Within the Congo itself, the brief identifies several key issues for the government to address with regard to the FARDC, including corruption, absence of a clear command-and-control structure, lack of training in civilian protection and human rights, linkages of certain units to individual politicians, persistence of impunity for perpetrators of abuses, and conflict over natural resources and mines. The brief also calls on the DRC to take steps to fulfill its Responsibility to Protect, and urges foreign governments and multilateral organizations to support Congo’s government in doing so.

The brief says MONUSCO should deploy preventively rather than reactively, and improve communications with the local population to better protect civilians. The most urgent need, according to the Global Centre for R2P, is for security sector reform to rein in the FARDC, including prosecution of known human rights abusers in the military. Stronger and more unified institutionalization of the FARDC, standardized and coordinated training that includes civilian protection and human rights components, and civilian oversight are critical for effective security sector reform, the brief says.

Lastly, the report argues that disarmament, demobilization, and reintegration programs should shift focus from short-term disarmament to longer-term efforts to reintegrate demobilized combatants into civilian society.

Photo: Operation Broken Silence

Former commander of the Bosnian Serb army, Ratko Mladic, was captured in Serbia on May 26 after evading arrest for almost 16 years. He is awaiting transfer to The Hague, where he will stand trial before the International Criminal Tribunal for the former Yugoslavia (ICTY). He faces charges of genocide in connection with the massacre of up to 8,000 Muslim men and boys in Srebrenica in July 1995. His capture is a positive step towards ending impunity for genocide, Al Jazeera reported.

Bernard Munyagishari, a former Hutu militia leader suspected of masterminding the Rwandan genocide, was arrested in the Democratic Republic of Congo after evading capture for nearly 17 years. He is wanted on charges of genocide and crimes against humanity, including rape. “The prosecutor [Justice Hassan Bubacar Jallow] hailed the DRC authorities for their co-operation in executing the warrant of arrest, despite the hurdles encountered in tracking down the fugitive,” the International Criminal Tribunal for Rwanda (ICTR) said. The ICTR indictment states that Munyagashari helped prepare and plan the 1994 genocide.

Satellite images provided by the Enough Project have confirmed that the Sudanese government has been attacking Abyei. “Images show the destruction of a southern-aligned base at Todach by tanks or other armored vehicles, fires burning at the town of Dungop, and the presence of northern attack aircrafts and bombers capable of reaching Abyei town within an hour. Images also show that a former Misseriya encampment at Goli has largely been vacated, confirming reports of Misseriya movements further south.” The Satellite Sentinel Project produced a ‘human security crisis alert’ detailing their findings.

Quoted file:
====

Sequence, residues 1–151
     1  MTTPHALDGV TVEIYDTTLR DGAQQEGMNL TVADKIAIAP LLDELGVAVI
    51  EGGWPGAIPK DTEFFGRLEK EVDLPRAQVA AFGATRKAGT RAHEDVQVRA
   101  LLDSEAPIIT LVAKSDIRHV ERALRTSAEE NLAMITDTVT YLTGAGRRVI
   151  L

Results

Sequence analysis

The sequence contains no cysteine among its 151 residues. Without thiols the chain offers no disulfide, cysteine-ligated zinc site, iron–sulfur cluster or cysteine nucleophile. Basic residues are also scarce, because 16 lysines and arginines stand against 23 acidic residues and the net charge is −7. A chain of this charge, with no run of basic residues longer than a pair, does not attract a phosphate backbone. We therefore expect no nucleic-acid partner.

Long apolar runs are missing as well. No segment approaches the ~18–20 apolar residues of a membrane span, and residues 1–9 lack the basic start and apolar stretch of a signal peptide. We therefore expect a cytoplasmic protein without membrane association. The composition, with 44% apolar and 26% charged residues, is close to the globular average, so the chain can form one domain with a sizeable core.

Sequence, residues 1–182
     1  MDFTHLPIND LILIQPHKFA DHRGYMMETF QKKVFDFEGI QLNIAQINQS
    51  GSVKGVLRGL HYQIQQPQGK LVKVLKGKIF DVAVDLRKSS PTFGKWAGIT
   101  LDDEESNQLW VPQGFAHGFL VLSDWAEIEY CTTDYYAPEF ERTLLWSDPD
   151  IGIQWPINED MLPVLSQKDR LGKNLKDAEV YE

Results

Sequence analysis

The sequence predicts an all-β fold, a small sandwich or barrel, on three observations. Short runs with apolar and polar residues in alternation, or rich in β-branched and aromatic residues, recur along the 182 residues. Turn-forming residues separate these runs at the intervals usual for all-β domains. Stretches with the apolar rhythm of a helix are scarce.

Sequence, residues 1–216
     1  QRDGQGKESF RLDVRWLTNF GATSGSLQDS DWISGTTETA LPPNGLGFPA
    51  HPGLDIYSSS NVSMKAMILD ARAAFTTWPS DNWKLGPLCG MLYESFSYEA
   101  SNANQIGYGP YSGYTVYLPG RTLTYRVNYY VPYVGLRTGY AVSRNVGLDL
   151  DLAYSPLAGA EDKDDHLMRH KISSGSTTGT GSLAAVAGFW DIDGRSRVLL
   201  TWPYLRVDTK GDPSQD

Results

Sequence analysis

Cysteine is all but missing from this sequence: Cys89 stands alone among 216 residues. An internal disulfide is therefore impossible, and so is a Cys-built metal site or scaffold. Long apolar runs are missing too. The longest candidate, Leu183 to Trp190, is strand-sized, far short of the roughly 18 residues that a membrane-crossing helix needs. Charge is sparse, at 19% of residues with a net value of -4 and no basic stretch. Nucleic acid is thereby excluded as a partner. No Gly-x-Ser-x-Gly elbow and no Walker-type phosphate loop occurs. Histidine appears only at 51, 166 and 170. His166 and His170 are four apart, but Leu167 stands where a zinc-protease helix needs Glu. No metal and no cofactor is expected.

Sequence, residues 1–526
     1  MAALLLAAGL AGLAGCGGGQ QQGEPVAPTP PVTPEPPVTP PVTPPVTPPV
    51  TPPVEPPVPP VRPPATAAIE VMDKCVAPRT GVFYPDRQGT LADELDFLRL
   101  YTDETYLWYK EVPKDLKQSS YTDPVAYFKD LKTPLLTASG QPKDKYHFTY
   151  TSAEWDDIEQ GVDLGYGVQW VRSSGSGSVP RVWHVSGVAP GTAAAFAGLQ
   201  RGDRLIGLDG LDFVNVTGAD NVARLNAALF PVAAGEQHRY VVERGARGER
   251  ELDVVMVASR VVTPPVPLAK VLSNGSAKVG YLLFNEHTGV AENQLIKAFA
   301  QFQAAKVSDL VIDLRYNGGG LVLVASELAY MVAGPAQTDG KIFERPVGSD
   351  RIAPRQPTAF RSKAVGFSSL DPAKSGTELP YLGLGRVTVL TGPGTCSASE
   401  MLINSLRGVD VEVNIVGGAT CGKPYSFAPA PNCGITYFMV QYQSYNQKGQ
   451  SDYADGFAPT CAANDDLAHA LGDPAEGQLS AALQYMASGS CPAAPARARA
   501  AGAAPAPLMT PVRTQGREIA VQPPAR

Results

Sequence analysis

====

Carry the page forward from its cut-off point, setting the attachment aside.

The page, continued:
Photo: BBC.co.uk


UN High Commissioner for Human Rights Navi Pillay stated that Libya’s aerial bombing of civilians and use of heavy weapons on city streets must be investigated as possible crimes against humanity, Reuters reported. Pillay confirmed that “she had received accounts of executions, rapes and disappearances in the north African country.”

French president Nicolas Sarkozy told an emergency EU summit in Brussels that air strikes against Libya may soon be justified, the Guardian reported. “The strikes would be solely of a defensive nature if Mr. Gaddafi makes use of chemical weapons or air strikes against non-violent protesters,” Sarkozy said. The French president qualified his remarks by saying he had many reservations about military intervention in Libya “because Arab revolutions belong to Arabs.” David Cameron, the British prime minister, further commented at the EU summit: “I think it is the moment for Europe to understand we should show real ambition about recognising that what’s happening in north Africa is a democratic awakening and we should be encouraging these countries down a democratic path.”

Charles Taylor’s lawyer, Courtenay Griffiths, made his concluding statements in Taylor’s trial at The Hague for crimes against humanity and war crimes. Griffiths stated that the trial of the once-powerful Liberian leader was “politically motivated’’ to ensure he does not return to power in Liberia and he branded the war crimes case “neocolonialism’’ built on circumstantial evidence, calling on the judges at the trial yesterday to acquit his client on all counts, Boston.com reported. Verdicts in the case are expected later this year.

To celebrate International Woman’s Day on March 8, CNN published an article titled “To empower African women, turn words into action.” The article states that “urgent work is needed to address the ills of gender inequality, marginalization and social injustice currently endured by women in places like the eastern Democratic Republic of Congo, where violence against women is rife and rape has become a weapon of war.”

Photo: Foreign Policy Magazine